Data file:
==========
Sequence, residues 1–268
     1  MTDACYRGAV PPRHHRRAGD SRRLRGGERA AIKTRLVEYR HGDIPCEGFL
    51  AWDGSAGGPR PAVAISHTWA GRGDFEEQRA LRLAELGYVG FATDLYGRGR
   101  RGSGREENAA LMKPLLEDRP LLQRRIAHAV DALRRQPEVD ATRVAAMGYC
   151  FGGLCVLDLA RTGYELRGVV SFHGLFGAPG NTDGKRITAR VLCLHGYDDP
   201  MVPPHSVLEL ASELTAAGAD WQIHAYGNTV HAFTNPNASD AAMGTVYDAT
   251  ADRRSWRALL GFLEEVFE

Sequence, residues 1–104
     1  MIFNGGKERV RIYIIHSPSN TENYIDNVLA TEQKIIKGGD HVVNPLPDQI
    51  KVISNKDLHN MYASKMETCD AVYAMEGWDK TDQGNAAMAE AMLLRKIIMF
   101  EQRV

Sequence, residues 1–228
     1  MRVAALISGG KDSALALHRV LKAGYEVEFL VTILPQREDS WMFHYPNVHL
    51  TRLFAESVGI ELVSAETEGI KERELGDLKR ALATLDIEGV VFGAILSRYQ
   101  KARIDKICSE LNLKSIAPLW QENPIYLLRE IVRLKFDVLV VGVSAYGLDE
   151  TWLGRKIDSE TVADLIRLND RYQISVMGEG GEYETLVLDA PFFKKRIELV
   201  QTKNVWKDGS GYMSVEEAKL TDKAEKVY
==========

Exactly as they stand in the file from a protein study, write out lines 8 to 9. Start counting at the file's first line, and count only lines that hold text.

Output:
Sequence, residues 1–104
     1  MIFNGGKERV RIYIIHSPSN TENYIDNVLA TEQKIIKGGD HVVNPLPDQI